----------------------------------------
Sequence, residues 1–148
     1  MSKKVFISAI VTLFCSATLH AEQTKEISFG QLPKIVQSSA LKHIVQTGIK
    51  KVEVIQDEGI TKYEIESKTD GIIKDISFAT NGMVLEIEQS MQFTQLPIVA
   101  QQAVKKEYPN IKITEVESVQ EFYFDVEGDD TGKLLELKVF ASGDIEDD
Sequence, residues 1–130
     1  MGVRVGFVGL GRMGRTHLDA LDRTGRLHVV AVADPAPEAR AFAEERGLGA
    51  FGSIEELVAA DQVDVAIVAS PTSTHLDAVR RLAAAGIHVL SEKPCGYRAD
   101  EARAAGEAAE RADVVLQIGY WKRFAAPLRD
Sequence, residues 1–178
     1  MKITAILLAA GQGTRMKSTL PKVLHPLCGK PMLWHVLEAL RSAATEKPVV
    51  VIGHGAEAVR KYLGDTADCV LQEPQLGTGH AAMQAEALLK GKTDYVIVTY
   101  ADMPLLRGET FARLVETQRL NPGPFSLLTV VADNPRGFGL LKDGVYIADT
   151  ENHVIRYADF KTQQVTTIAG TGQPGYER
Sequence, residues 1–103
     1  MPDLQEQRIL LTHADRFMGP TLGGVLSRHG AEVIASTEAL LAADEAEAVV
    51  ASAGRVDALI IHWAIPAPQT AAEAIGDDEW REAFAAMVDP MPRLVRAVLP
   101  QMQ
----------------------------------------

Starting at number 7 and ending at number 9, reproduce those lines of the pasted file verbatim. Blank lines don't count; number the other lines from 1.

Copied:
    51  FGSIEELVAA DQVDVAIVAS PTSTHLDAVR RLAAAGIHVL SEKPCGYRAD
   101  EARAAGEAAE RADVVLQIGY WKRFAAPLRD
Sequence, residues 1–178